Congratulations to the artists and Porirua City Council for the new murals at Porirua Railway Station. What a change from the dingy walls of the past.
Also, I am delighted to see the woman from the Long Garden or early settler times depicted here, for the story is a fine legend for the city to honour.
The name Maara Roa, however, is not the name for the Maori maiden but is common te reo Maori for a garden – a protected valuable area of growing things, possibly cultivated (mara or maara), with the word roa meaning long. This was how the woman’s garden became known to people at the time.
The woman’s name is in fact unknown, while the name Maara Roa was given in 2000 by the late Alf Potaka, kaumatua of Maraeroa Marae, to the then-new conservation organisation Nga Hoa o Maara Roa, the Friends of Maara Roa, as they set out to restore and protect the threatened native bush remnant in the Cannons Creek Valley.
The area involved in this is 200 hectares, and the valley is almost five kilometres long, so this is indeed a long garden.
The reserve in which this ‘‘long garden’’ of bush and stream is being restored is Belmont Regional Park, which at over 300ha, covers most of the Belmont hills between Porirua, Wellington and Lower Hutt cities, and gives the public free access to Cannons Creek Valley from Cannons Creek Lakes Reserve and Takapu Rd.
One day the Cannons Creek Valley may be called Maara Roa, but so far the only map which shows the Long Garden area is on the society’s website at maararoa.org.nz.
As for the unnamed woman of the long garden, her story is told at Maraeroa Marae, where the wharenui is named after her generosity – Ukaipo Hiato (huato), The One Who Provides.
Go see the tekoteko and beautiful carvings there, read her full story, then come on a guided walk through the new maara roa nearby.
SYLVIA JENKIN, Friends of Maara Roa resurfacing, and so on.
This Friday morning, January 21, is a day to remember. It is an absolute delight to arrive at the station to see the wonderful artwork and local photo images of Porirua installed in the subway.
Porirua should be proud of all this and realise how these images are a feast for the eyes.
I felt inspired and filled with emotion for the wonderful artisans who had woven magic into these works for us to see. Thank you very much to you all. My plea is to let us take care of our Porirua heritage, treasure its value and behold the pleasure it brings to everyone.
2011 is a year of progress now and beyond for Porirua.
Thanks must go to all contributors, financial or otherwise, ratepayers, external funders and the workmen who have made this a museum for us to appreciate daily. KEREHI MAHANA,
Councillors such as Tim Sheppard and Euon Murrell were so outraged on our behalf, they spoke out publicly and were barred from taking part in decision-making. Where is the democracy in silencing the most passionate supporters of the quality of life in this city?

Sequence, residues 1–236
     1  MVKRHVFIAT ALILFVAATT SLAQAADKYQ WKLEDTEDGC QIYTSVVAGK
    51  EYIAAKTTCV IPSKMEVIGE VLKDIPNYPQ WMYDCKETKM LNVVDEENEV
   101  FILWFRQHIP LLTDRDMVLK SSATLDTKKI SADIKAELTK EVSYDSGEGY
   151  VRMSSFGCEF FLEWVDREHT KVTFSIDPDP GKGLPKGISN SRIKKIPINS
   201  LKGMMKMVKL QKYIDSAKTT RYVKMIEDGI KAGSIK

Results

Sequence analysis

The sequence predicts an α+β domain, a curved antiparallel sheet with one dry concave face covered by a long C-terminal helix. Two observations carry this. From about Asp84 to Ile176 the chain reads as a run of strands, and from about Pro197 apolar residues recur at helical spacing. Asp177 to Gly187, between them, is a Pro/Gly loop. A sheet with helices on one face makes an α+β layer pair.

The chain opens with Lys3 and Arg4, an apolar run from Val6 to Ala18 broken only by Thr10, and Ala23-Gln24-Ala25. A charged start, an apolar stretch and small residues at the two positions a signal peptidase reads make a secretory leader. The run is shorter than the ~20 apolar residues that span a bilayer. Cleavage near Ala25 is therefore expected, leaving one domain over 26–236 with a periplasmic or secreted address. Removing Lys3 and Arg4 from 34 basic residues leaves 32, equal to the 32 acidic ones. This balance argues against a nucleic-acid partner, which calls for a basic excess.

The council has allowed pressure and influence from outside the city to sway their judgement in favour of a commercial operation that is here to make money at any cost.
The public must be allowed to submit objections again or we must seriously question if members of the council who support the Aquacom agenda are worthy to represent our city. MARG CONAL,
Whitby years, and if this is solely based on the number of users then that at least is somewhat of a breakthrough.
Porirua City Council has known for at least a decade they have been in breach of their resource consent for the disposal of urban waste water. Obviously they have placed greater importance on spending our rates on an event centre, performing arts theatre and Smartlinx 3, and overall nearly 37 per cent of rates revenue on culture and recreation.
It is pretty easy to see where council priorities lie. ALLAN BLOOMFIELD,
Pauatahanui PCC Environment and Regulatory Services general manager David Rolfe responds: Mr Bloomfield has been part of the consultation with council on the implementation of the bylaw requiring owners of effluent disposal systems (septic tanks) and has attended public meetings on the matter, so it is disappointing he appears confused about the costs.
The purpose of the bylaw is to require the regular maintenance of effluent disposal systems that will prevent pollution into the harbour catchment area, reduce public health nuisances and improve risks to health of people in the vicinity. The new bylaw has reduced the compliance costs from the previous bylaw.
In acknowledging that there is a potential problem of effluent disposal in rural areas that regular maintenance will minimise, the Ministry for the Environment in effect supported the use of bylaws by councils to control the problem but did not support a National Environmental Standard to do so.
A report clarifying the situation will be considered by council next week.